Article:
TAKE YOUR DOG TO DOGGIE DAYCARE OR A BOARDING KENNEL? WATCH THIS FIRST!
Whether it be your dog trainer, dog walker, dog daycare, or boarding kennel always ask those whom you entrust with the care of your dog what they would do in the case of a dog fight, dog attack, or other worst-case scenarios.
At what point will they step in and stop dog bullying and aggression with other dogs? When do they step in when the bullying or aggression involves a human? It happens at dog parks all the time, but dog fights and dog attacks can and do happen anywhere, no matter how well facilities screen dogs. Who is screening the dogs – a dog trainer or a staff member with questionable levels of experience? How many dogs does the facility turn away or do they push to include dogs who are nervous, scared, or aggressive because it is more money for them? How do they handle dog-dog aggression? How about dog-people aggression? Do they know how to deescalate aggression? How about dogs, like the one in this video, who are overstimulated and are in prey drive?
This video is from a dog care facility in Addison, Texas. It may be painful for some to watch although no serious harm comes to handler or dog during this clip. Even though the facility markets that their handlers train the dogs in basic manners during every stay, this handler doesn’t have a clue how to handle this situation and a lot of questions are left open after watching the video.
Why wasn’t the dog removed from the group before it escalated into bullying the handler and knocking her on the ground? Now, I say bullying because what I see here is prey drive and typical bully behaviors during the beginning of the clip. Why didn’t she correct the dog in a meaningful manner or take meaningful means to physically control the dog? Is she not allowed to correct the dog because the facility touts “pack leaders” and “confident, assertive, and positive” training methods? Where are other staff members to help this handler? During the entire one-minute clip with the man filming and yelling from behind the glass window, we do not see (or hear) any other staff members.
Handler safety should always come first. Always. Followed by dog safety.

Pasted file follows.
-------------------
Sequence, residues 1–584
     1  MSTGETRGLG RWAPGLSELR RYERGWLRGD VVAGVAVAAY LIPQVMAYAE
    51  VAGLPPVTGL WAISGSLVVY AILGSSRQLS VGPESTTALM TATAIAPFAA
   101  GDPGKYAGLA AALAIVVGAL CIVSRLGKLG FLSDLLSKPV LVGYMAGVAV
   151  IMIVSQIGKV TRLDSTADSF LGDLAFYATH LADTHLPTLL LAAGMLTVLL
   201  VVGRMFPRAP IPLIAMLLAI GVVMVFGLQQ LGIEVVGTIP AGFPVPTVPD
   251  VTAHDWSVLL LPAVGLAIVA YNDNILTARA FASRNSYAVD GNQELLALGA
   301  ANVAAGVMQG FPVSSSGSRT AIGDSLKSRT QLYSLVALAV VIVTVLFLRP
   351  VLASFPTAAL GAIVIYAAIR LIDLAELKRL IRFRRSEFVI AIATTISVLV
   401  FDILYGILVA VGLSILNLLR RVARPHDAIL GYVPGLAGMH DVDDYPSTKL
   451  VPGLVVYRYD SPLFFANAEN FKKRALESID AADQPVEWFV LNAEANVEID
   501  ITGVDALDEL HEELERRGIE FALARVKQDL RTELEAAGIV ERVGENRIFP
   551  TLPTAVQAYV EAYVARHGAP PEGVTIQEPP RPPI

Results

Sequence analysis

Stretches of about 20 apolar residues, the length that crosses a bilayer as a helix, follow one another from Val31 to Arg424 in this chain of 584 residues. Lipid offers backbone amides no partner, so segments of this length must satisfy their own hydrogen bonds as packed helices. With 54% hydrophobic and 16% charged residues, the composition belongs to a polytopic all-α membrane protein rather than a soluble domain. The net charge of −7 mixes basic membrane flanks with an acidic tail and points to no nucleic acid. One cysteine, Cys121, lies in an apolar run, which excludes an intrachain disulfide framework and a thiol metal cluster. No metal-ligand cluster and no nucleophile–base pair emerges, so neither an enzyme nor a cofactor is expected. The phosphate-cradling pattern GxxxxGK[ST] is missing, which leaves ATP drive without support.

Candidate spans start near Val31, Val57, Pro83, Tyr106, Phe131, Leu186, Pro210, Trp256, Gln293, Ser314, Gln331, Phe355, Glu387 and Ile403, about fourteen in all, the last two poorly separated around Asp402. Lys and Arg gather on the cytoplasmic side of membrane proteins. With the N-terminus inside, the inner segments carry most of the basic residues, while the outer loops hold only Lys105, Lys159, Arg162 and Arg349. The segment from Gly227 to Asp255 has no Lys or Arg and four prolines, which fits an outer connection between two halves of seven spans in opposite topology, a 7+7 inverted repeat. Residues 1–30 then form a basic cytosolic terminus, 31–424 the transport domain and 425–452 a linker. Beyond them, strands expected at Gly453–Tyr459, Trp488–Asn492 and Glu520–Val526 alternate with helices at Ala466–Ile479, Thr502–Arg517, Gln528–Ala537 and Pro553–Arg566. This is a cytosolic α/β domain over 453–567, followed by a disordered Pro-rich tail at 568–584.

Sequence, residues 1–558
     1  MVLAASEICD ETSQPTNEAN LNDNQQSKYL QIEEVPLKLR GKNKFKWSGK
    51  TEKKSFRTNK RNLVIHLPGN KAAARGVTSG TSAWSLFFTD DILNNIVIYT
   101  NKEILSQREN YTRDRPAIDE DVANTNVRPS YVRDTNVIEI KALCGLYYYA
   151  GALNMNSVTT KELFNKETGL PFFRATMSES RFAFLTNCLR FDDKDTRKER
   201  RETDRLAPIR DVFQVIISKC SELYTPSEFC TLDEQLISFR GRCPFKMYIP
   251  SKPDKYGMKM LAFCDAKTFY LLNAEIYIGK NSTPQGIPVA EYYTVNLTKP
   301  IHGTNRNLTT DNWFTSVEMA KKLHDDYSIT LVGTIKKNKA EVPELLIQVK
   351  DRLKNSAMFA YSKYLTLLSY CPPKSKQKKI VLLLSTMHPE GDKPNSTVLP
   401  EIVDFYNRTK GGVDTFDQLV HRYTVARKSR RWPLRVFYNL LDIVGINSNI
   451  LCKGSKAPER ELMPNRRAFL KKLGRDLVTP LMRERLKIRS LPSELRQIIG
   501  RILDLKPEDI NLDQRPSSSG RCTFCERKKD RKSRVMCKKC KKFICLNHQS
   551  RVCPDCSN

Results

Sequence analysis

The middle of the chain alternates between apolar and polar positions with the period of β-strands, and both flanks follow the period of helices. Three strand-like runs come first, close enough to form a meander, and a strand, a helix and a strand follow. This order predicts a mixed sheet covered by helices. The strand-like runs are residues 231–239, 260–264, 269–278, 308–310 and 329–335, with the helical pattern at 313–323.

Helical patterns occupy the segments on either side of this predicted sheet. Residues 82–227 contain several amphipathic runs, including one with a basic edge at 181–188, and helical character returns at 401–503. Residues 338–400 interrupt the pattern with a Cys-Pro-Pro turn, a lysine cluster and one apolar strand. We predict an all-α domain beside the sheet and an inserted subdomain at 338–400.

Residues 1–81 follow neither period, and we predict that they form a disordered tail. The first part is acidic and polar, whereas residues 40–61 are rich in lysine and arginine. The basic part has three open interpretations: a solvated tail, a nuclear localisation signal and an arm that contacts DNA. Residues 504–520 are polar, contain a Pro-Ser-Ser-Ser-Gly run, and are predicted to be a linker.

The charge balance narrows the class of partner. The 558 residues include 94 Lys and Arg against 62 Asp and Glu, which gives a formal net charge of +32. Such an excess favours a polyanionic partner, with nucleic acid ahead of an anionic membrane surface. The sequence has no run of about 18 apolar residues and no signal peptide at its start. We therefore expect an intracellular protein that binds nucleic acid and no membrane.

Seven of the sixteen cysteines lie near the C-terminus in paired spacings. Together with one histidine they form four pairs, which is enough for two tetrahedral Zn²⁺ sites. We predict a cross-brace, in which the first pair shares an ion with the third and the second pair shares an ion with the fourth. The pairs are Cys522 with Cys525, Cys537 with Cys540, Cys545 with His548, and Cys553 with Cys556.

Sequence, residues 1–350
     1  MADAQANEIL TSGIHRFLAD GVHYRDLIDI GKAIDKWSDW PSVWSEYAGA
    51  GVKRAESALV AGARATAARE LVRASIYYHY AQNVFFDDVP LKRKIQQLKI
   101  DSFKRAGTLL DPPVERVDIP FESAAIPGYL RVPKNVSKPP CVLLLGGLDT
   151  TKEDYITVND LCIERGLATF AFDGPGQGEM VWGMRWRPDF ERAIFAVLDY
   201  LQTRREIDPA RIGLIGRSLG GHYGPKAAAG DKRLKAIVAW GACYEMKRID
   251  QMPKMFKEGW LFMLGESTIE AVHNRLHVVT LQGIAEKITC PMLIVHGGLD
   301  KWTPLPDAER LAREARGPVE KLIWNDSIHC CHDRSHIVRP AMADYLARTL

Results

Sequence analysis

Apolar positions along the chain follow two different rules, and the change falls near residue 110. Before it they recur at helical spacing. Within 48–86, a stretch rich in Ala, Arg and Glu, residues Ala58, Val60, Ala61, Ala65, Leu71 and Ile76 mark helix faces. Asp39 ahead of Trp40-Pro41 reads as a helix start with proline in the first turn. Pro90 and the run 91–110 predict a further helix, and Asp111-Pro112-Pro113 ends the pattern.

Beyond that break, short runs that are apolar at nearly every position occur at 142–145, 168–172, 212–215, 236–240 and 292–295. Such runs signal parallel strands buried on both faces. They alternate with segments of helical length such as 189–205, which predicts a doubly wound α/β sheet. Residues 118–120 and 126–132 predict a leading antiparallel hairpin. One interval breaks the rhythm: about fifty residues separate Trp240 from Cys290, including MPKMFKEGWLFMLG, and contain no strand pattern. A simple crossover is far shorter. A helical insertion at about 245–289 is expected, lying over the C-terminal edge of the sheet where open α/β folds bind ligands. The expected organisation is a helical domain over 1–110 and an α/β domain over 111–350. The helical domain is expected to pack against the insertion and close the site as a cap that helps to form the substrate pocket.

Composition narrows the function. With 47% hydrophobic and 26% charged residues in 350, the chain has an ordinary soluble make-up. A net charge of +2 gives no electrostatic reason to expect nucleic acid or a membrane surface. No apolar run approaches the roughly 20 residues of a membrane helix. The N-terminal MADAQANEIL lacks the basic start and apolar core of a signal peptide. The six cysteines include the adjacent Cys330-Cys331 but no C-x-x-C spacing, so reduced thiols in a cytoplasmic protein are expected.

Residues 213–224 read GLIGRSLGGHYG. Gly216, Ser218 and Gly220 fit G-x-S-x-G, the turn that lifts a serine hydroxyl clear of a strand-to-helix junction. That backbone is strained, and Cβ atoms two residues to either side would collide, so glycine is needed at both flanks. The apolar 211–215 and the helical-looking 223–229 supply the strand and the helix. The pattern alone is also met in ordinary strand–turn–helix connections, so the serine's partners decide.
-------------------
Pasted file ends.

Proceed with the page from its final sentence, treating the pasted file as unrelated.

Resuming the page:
All she had to do was grab the collar and pull up, additionally she could then twist the collar if needed. She would have immediate control over the head, prevented herself from getting bit, the dog would have calmed, and she could have gotten away if she really needed to. Like I said – handler safety first.
I have seen firsthand more than my share of dog facilities with inadequate screening processes and untrained staff because they choose to hire “dog lovers” to care for the dogs… no experience required.
Some who even disregard recommendations to not allow the dog to attend daycare or board because during screening it presented a risk to other dogs or people. It results in dangerous situations for dogs and humans alike.
On the same note it applies to owners who use site/apps to find people to board and walk their dogs and the only requirement to open your “business” on these sites/apps is a love of dogs and a house.
It is so important to know who you entrust with your dog. What training has the staff had? How often to they renew or expand their training and handling techniques? What their protocol for the various situations discussed above? Ask questions! Talk to staff in charge of caring for your dog – not just the face at the front desk. Educate YOURSELF in training and handling techniques and hope you never need them.
Dogs are dogs and things can and do happen. Empower yourself and make sure others who care for your dog are also knowledgeable and trained.
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Text copied from the Valorzen Canine Training instagram profile @valorzen_canine_training
Written by Tameesha VanEtten